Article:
He’ll make you pay for all the crimes you have tried desperately to forget.

And he is closer than you think.
DCI Matilda Darke is running out of time. Fear is spreading throughout the city. As the body count rises, Matilda is targeted and her most trusted colleagues fall under suspicion. But can she keep those closest to her from harm? Or is it already too late?”

I am delighted to welcome you to the blog today and to my stop on The Hangman’s Hold blog tour.  The Hangman’s Hold is the fourth book in the superb DCI Matilda Darke series written by author Michael Wood.  I am such a huge fan of DCI Darke and this is a series I will return to again and again without a moment’s hesitation.  And to prove it, here are my reviews of the second and third books; Outside Looking In and A Room Full of Killers.  When I heard rumours of a fourth book being released, I jumped at the chance to read it!

I have several favourite fictional characters.  I’m a crime blogger so surprise surprise, they’re all pretty much (give or take a few)….detectives!  A large number of those detectives are female as well (which makes me happy for some odd reason).  DCI Matilda Darke is very high on my list of favourites.  I’ve said this before in my reviews of Michael Wood’s books but she’s so flipping wonderfully normal.  If she were real, I could see us being friends (or I would be stalking her from afar wishing she were my bestie and plotting to get rid of Adele.  Perfectly normal, right?!).  I love how committed to the cause she is, how she frequently berates herself for her past failings, how completely and utterly in love she still is with her deceased husband, James.  She is one of those characters who evokes a fondness in me, I’m 100% on Team Matilda and I hope it stays that way for a very long time to come.

DCI Darke and her team are called to investigate a hanging.  The victim, having returned home from a delightful first date with a new lady friend, has been strung up and left to slowly die, in agonising amounts of pain.  When Matilda arrives at the scene it becomes clear to hear that this murder is closer to home than she first thought.  She also discovers the victim is a confirmed paedophile from the south-east; having rellocated to Sheffield with a new name and leaving his past behind.  Then, another body is discovered.  This time a family man whose wrongdoings from the past have caught up with him.  With the Press breathing down her neck and accusations flying, can Matilda and her team stop the Hangman before he kills again…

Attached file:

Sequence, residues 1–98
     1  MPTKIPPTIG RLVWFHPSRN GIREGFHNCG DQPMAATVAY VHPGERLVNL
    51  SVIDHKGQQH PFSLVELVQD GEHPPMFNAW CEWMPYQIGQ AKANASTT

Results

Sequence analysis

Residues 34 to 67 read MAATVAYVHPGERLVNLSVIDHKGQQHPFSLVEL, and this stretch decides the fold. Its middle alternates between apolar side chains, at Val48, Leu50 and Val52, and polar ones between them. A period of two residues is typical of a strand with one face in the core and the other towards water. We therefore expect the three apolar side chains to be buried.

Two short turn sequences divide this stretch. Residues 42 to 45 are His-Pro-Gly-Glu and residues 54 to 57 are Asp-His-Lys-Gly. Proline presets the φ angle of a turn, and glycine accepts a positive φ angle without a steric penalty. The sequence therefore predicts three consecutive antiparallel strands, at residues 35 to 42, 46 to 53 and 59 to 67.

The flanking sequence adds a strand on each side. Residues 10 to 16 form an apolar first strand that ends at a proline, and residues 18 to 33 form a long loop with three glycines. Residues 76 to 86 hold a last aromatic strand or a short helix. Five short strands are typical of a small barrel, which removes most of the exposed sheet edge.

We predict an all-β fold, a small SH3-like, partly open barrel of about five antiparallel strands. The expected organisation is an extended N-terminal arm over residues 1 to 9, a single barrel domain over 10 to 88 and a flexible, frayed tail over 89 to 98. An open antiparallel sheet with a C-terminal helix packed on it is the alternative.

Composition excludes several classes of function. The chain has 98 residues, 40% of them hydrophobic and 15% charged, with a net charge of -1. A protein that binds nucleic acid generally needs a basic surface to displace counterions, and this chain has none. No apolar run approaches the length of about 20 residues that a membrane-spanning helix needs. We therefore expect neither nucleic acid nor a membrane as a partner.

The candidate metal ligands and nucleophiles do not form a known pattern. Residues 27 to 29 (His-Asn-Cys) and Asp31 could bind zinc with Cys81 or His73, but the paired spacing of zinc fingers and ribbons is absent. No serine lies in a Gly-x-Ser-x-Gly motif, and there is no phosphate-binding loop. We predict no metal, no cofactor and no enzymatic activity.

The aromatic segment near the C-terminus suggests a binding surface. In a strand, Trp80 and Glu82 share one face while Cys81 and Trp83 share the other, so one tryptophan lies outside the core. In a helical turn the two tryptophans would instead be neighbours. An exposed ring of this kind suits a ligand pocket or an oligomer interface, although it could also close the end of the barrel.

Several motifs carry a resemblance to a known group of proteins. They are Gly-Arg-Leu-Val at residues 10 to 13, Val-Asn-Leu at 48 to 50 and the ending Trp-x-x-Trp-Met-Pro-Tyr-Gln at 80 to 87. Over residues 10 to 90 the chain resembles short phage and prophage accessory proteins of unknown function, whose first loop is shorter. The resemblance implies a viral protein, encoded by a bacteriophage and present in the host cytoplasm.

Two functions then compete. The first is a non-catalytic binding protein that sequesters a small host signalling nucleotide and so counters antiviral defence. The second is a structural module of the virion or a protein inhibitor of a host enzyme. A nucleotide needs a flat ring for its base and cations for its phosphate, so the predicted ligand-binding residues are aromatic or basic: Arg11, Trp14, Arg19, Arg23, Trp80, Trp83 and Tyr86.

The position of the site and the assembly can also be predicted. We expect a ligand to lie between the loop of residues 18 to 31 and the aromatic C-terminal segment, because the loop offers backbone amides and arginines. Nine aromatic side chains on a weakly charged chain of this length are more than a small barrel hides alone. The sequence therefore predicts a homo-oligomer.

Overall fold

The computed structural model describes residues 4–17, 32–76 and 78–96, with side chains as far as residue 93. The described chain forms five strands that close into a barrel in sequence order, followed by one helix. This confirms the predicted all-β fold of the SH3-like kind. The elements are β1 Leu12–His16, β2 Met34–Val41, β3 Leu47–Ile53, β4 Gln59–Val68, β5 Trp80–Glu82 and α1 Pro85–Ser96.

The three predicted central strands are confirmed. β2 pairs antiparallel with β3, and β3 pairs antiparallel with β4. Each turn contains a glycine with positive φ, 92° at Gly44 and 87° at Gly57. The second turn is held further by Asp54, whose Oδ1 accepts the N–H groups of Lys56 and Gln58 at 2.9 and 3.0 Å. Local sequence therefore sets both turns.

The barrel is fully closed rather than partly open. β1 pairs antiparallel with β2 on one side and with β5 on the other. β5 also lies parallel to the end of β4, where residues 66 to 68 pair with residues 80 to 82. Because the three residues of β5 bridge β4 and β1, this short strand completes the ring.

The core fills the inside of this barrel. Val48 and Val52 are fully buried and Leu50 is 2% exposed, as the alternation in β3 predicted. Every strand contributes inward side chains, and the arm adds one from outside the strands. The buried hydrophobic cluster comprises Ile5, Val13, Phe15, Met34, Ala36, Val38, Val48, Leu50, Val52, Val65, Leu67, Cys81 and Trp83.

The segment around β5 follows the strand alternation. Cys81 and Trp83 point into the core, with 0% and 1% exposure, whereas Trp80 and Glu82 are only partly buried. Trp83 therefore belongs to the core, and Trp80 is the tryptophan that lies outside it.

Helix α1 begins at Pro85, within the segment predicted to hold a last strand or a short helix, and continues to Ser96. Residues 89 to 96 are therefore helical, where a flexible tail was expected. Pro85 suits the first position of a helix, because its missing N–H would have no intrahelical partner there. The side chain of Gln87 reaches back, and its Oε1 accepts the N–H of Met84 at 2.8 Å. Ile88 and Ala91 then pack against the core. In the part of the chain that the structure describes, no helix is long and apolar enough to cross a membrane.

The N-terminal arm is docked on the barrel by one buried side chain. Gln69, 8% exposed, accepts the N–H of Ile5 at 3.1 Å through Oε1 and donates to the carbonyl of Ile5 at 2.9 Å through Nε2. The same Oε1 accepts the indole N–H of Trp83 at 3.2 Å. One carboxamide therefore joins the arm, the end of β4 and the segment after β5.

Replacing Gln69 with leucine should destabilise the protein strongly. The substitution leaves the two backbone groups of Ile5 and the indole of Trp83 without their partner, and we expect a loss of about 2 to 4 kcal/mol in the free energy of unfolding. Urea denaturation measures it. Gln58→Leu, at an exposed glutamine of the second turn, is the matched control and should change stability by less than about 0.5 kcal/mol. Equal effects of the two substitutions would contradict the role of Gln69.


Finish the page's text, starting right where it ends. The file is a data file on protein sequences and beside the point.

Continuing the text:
This is the type of storyline I love to read.  Seemingly ordinary people with dark secrets to hide being picked off one by one by a callous, vengeful killer.  I was excited to find out what was going to happen next; who was going to fall victim to the Hangman and his deadly form of justice.  Reading about Matilda and her team made me feel in the midst of friends (I love Sian too!) and their failed attempts to make any progress in the case left me feeling frustrated for them.  I could feel my blood pressure rising as the killer taunted them with text messages and calls to the press.  Marvellous stuff!

Would I recommend this book?  I would.  I would recommend this entire series.  Michael Wood sure knows how to write a compelling, utterly absorbing crime series and create some of the most memorable characters out there.  Personally, I *maybe* need to take a small step back from this series and remind myself that it is indeed fiction, it’s not real life and Matilda isn’t a real person but hey, that’s enough about my issues!  Crime fans, this series is a must read and you’re letting the side down if you haven’t read it.  Take my advice, download all four books now ;).

Five out of five stars.

I chose to read and review an eARC of The Hangman’s Hold.  The above review is my own unbiased opinion.

The Hangman’s Hold by Michael Wood was published in the UK by Killer Reads on 20th September 2018 and is available in paperback and eBook formats (please note, some of the following links are affiliate links which means I receive a small percentage of the purchase price at no extra cost to you): | amazon.co.uk | amazon.com | Waterstones | BookDepository | Goodreads |

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about-the-author3

michael woodMichael Wood is a freelance journalist and proofreader living in Sheffield. As a journalist he has covered many crime stories throughout Sheffield, gaining first-hand knowledge of police procedure. He also reviews books for CrimeSquad, a website dedicated to crime fiction.